The family favourite cornbread recipe is dog eared and not a little stained. It’s passed through many kitchens in a couple of countries. Now I’d brought it to Kenya. And it was the reason I was standing dazed and not a little confused in an endless aisle of flours, searching for cornmeal.
“Excuse me,” I said to a fellow grocery shopper, “are you familiar with the item cornbread? You see it’s a family favourite and we’ve just moved to Kenya and I’m trying to get the ingredients to make it. But cornmeal is one of the key ingredients and I can’t seem to find any.”
Her eyes lit up, “Oh I’ve heard of cornbread. My friend makes that. Let me call her.”
One phone call later, three women putting their heads together et voila, the solution was literally staring me in the face.
In Kenya cornmeal is called maize meal, and not only is it plentiful, it was literally right in front of me. I had my choice of several brands.
And so it is with living away from your passport country. With living and working abroad I’m frequently amongst, in between, around and surrounded by ‘other.’ Other languages, customs, animals, driving habits, sense of safety, communication styles, weather, and the list goes on and on.
The pros are I have some of the most diverse and incredible friends and colleagues one could ask for. Life is often an adventure and my learning has been continuous and constant.
The cons are the cost of living interculturally – there are under currents of fatigue, uncertainty and energy sap – with consistently trying to figure out ‘other.’
Whether you live abroad or not, you likely come across your fair share of ‘other’ aka difference, diversity.
Here are 4 tools I’ve found that have helped me dance with diversity instead of shying away.
1. Same situation = wildly different
Pausing to reassure yourself that the same situation can and will be seen very differently depending on the cultural lenses you’re wearing is super helpful. I did some intercultural work for a client for their newly arriving staff. I negotiated part of the contract to include interviewing the local Kenyan staff and asking them what they thought the international staff should know when they first arrive.
Later, when I shared this information with the (way more informal) international staff there were gasps when they realized how offensive swearing was for the local staff (didn’t matter if that the swearing wasn’t directed at the local staff).
2. Know which list to use when: a grocery list or a laundry list
When we do our laundry, it’s pretty much the same way every time. Our laundry to do list is the same. And sometimes that’s the right list to pull out – when you need to bridge differences and look for similarities. Some examples are we all want and need to be respected and to feel a sense of belonging.
When we go to the grocery store though, our grocery list is different every time. Sometimes it’s a full on shop and sometimes we stop off (to a different store even) for only one item. And so it is with intercultural work, when we need to acknowledge and dance with the differences. What respect looks like in one culture can look wildly different from another.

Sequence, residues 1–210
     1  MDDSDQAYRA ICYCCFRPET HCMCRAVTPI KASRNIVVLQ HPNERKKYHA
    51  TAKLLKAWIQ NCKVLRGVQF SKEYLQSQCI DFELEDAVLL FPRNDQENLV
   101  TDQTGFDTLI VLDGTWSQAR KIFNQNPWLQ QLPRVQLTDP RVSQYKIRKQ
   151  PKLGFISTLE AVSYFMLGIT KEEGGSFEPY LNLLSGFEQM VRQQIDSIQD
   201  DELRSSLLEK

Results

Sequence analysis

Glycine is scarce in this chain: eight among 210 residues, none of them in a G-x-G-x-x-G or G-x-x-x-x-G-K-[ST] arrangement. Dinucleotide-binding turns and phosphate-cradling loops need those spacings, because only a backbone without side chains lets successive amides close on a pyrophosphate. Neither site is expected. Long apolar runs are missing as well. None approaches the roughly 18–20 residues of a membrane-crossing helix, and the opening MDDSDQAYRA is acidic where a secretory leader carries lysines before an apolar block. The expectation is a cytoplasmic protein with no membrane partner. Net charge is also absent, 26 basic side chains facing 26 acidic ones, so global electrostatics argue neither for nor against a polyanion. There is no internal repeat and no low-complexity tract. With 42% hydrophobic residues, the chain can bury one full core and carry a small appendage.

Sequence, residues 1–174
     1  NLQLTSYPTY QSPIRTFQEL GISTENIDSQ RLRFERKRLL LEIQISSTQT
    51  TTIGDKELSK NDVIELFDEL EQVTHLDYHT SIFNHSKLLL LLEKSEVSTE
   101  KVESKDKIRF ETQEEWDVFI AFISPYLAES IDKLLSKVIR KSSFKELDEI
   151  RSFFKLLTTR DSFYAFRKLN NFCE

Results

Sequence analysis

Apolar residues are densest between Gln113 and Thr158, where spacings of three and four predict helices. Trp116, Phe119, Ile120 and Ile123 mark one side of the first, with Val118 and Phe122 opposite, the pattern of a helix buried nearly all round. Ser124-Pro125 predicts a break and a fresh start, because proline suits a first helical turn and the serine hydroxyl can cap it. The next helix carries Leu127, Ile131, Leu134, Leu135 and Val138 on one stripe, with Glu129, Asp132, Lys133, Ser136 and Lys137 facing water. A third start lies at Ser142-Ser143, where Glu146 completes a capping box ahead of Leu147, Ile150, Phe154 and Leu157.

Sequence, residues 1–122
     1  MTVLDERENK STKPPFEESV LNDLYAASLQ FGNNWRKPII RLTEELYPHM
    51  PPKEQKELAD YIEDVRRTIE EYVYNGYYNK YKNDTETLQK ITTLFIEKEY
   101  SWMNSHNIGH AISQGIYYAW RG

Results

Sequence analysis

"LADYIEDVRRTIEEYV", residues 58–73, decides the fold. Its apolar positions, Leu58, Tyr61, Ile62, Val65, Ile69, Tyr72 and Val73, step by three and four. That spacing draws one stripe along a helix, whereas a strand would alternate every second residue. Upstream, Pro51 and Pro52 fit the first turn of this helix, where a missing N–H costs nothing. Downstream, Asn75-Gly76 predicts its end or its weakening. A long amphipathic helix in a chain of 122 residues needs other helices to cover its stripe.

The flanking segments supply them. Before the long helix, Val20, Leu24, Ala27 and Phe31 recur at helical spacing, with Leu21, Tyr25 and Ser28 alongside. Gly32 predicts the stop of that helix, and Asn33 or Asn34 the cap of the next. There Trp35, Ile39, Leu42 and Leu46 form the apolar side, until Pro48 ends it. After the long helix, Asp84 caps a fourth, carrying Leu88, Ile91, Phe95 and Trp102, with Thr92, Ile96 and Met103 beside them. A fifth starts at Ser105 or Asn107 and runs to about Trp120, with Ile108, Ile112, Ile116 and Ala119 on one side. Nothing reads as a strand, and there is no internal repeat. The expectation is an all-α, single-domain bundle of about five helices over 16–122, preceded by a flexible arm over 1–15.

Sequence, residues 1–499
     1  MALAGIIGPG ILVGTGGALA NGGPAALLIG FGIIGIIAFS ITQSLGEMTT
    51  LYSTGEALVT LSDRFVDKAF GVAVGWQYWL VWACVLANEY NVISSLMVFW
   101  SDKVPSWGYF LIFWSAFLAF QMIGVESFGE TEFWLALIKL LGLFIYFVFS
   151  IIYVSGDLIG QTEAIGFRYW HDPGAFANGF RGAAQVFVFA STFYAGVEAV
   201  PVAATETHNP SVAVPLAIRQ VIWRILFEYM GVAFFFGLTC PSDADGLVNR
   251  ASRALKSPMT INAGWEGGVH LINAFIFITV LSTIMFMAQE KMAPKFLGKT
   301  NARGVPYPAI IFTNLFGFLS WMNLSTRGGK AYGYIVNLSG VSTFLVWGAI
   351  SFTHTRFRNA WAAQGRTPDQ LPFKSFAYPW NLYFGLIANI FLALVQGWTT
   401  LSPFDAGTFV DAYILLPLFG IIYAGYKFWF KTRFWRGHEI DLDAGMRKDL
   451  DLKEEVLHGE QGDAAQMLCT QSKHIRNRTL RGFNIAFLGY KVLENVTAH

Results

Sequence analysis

3. Have a fight, flee, flow plan
Working interculturally will always bring delights and sometimes despair so it’s good self-care to have a fight, flee and flow plan.
Fight: what are the things that you’ll take a stand for (because to not do so would mean going against your character)? This will look different for everyone. It could include things like human rights, gender issues etc
Flee: what are the things that you may need to flee or take a break because you’re not feeling safe or comfortable. Bowing out for a bit can help reset your equilibrium.
Flow: hopefully this will be the bulk of your intercultural work, the things that you can join in the flow with. This is the space where learning ramps up; both about the culture you’re working/living in and about yourself.
4. Pack an attitude of curiosity
Approaching difference with an attitude of curiosity makes a world of difference.
Having lived overseas now for 8 years reminding myself constantly that there are many views of the same situation, having a fight, flee and flow plan, coupled with an attitude of curiosity has made a big difference to my professional and personal life. I wouldn’t trade this adventure for anything.
Now excuse me, the rains are here, the power is out and I’ve got to go attend to the generator.
As always, I’d love to hear fro you. What’s your equivalent of ‘other’ and how do you deal?
Want to learn more? Sonja Richter will be our guest speaker at the May 17th, 10am to noon EAT (click here to convert time zones if you’re not in East Africa). She’ll be talking about Learning within Volunteering in the Global South: Individual Development vs. Social Impact.